Agirl of eighteen walked the midnight streets of Lafatri’s capital, AmaTho.  It was silent and lonely; noteven the animals or wind spoke.  She was nervous; it was the perfect time for prowlers, andgirls walking alone always made good targets.


Agun?  Who was blasting guns attwelve in the morning?

Bang!  Blam!  Blam!

Shewas beginning to get worried, but not about herself.  Who could these guns be aimed at?  She knew only one thing: she had to help.

Thegirl unslung her laser-bow from her shoulder and began to run.


Thegunshots were louder; she was getting closer.  She turned a corner, down the alley, another corner…she wasalmost there.  She could hear men’sshouts, soft, so as not to chance awakening the deep-sleeping city dwellers.


“Don’tlet him escape!”

“Shoothis head off!”

Herpace quickened to maximum speed; she was panting with the effort and sweat soakedher face.

Faster, she told herself.  Youmust go faster!

Sheturned another corner and found herself in an opening with a marble fountain inthe center.  Her breath caught atthe sight of the three men to her right. Two held pistols; one had a machine gun.  And they all looked angry.

“Youstupid girl!” hissed a deep male voice to her left.  She whipped her head toward him and appraised him.

Hewas much taller than she (but most were), and very well muscled.  He wore black shirt and pants, blackleather gloves, black leather boots, and a deep red cloak with a gold clasp atthe collar; the front only came to his elbows, while the back was full lengthand ragged and ripped along the hem. His hair was dark silver, in a ponytail to his waist, with two gravity-defyingstrands at the front.  He was veryhandsome, if only he’d wipe that angry scowl from his pretty face.

Hewas also armed, with a pistol in each hand.  There were two swords at his waist, so his holsters werebuckled around his upper thighs.

Move, fool!” he shouted at her. She came back to reality and hopped back out of the crossfire, but itwas too late: the other men had seen her.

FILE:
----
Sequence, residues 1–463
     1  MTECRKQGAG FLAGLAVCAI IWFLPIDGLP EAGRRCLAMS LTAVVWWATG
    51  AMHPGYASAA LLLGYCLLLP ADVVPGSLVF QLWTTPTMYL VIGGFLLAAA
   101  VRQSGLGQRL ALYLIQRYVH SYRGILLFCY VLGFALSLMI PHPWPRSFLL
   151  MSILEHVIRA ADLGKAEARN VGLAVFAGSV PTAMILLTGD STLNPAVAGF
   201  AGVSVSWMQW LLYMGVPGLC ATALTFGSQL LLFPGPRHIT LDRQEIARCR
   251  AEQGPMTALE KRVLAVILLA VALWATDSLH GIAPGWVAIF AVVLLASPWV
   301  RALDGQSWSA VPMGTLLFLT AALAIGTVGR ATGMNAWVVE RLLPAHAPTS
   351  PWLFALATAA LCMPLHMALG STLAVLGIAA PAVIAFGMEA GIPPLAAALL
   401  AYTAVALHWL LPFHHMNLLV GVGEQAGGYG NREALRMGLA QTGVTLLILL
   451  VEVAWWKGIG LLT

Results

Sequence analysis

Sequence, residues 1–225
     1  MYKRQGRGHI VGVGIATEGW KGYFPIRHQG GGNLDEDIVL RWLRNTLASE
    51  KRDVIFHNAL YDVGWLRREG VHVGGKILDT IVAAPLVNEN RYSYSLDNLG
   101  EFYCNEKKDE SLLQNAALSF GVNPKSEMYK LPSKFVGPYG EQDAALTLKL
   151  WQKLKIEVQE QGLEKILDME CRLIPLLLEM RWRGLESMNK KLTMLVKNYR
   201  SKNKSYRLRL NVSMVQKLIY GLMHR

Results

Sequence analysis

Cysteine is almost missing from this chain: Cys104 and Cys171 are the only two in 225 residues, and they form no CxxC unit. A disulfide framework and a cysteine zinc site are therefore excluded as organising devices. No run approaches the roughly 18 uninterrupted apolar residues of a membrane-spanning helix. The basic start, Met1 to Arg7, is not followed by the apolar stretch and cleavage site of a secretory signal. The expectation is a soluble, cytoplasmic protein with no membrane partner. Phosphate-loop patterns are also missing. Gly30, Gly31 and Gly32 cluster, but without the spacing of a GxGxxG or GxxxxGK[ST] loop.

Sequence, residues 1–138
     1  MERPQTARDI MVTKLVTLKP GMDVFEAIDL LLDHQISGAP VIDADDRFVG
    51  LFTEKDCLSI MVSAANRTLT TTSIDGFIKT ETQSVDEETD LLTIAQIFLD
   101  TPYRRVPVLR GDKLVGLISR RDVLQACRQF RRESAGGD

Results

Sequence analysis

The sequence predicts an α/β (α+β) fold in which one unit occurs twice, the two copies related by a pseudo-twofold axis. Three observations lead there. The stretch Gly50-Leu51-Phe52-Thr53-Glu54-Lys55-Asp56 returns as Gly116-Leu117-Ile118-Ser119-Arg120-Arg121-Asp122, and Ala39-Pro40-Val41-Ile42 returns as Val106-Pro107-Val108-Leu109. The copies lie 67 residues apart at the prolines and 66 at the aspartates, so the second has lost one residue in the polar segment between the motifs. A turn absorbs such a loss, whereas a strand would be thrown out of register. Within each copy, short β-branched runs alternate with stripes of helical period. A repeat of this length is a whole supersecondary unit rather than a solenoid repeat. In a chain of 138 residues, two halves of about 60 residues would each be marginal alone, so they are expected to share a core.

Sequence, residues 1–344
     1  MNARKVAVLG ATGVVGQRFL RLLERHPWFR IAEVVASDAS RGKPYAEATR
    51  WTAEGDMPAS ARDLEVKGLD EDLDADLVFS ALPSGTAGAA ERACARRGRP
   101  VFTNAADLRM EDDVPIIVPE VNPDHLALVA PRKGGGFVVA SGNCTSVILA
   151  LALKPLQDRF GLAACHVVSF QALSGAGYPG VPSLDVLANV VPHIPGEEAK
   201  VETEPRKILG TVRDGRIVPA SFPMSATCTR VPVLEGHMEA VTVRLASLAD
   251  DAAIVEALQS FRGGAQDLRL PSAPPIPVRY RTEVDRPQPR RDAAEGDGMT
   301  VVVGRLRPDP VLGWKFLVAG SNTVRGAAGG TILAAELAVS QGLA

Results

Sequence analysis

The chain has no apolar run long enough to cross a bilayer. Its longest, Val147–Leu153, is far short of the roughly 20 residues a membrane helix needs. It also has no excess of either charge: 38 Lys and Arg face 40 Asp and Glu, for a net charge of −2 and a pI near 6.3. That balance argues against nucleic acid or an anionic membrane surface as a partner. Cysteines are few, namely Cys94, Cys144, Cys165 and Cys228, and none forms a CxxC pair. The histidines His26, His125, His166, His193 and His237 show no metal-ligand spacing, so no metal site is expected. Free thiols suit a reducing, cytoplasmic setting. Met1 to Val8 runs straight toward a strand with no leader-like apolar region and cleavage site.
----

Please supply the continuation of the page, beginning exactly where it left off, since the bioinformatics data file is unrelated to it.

“She’sseen us, kill her!” commanded the one with the machine gun, the leader.

“Eep!”she squealed, leaping a meter in the air as a man fired at her.

“Sheknows too much!  Blast her,fools!”  The leader again.

Sheheld her bow up and drew it back, aiming for the hollow at the base of theleader’s throat.  She fired thelaser-arrow straight, but it was miraculously shot from its path by a bullet.

“Damn,”she muttered, dodging another bullet.

Thena hand grabbed her waist and she was fifteen meters in the air.

“Eep!”she again squealed, whipping her head around to find the silver-haired man frombefore holding her in one hand, shooting the men straight in the jugular withthe other—blam-blam-blam!  The girl flung her arms around theman’s neck and closed her eyes tight.

“Youcan open your eyes,” his voice said a few moments later.  “We’re on solid ground again.”

Hereyes opened slowly and her feet touched the ground.  Looking around, she saw they were atop a very highbuilding.  She took a small stepback and slung her laser-bow over her shoulder again.

“Who…werethose men?  Why were they afteryou?” she asked softly, looking up at him.  His gaze was on the streets.

“Noone that I ever want to see again. I defied them.”  There was asad pause, during which tears pricked the girl’s eyes; she didn’t want him tobe sad, for some reason.

“What’syour name?” she asked him, touching his elbow gingerly, so as not to startlehim.



(Chapter One)

Ishot another laser-arrow at the inner elbow of the large demon.  I prepared for another drawback, but mybow bipped.

“Noarrows remaining,” it said robotly. I sighed and cursed.  Islung my bow over my shoulder and grasped the quartz-and-ebony moon pendantaround my neck (it changed with the moon phases and was able to enhance myMagick); my free hand outstretched toward the demon, I uttered a spell-phrase.

“Ik-nio ahtem, shik al miin ko nohi.” The words left my lips as if they were my birth language.  Which, in fact, was not far from thetruth.  I was born with the gift ofMagick, a rare thing, and the spell words were easier to learn than the locallanguage because of the gift.  Ihad certainly caused my mother plenty of stress as a child with those spells.

Thedemon’s hands flew to his face and he began to slap and punch himself and pokehis eyes harshly.  He screamed inpain at the controlling spell I’d used.